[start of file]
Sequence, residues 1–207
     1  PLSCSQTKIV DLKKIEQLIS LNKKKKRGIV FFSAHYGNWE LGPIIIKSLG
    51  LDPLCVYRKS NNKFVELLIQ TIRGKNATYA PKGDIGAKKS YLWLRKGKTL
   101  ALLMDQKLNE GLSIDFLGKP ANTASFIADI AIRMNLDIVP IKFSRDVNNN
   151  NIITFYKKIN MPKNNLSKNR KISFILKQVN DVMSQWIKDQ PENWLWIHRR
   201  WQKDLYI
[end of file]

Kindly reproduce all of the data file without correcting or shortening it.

Sequence, residues 1–207
     1  PLSCSQTKIV DLKKIEQLIS LNKKKKRGIV FFSAHYGNWE LGPIIIKSLG
    51  LDPLCVYRKS NNKFVELLIQ TIRGKNATYA PKGDIGAKKS YLWLRKGKTL
   101  ALLMDQKLNE GLSIDFLGKP ANTASFIADI AIRMNLDIVP IKFSRDVNNN
   151  NIITFYKKIN MPKNNLSKNR KISFILKQVN DVMSQWIKDQ PENWLWIHRR
   201  WQKDLYI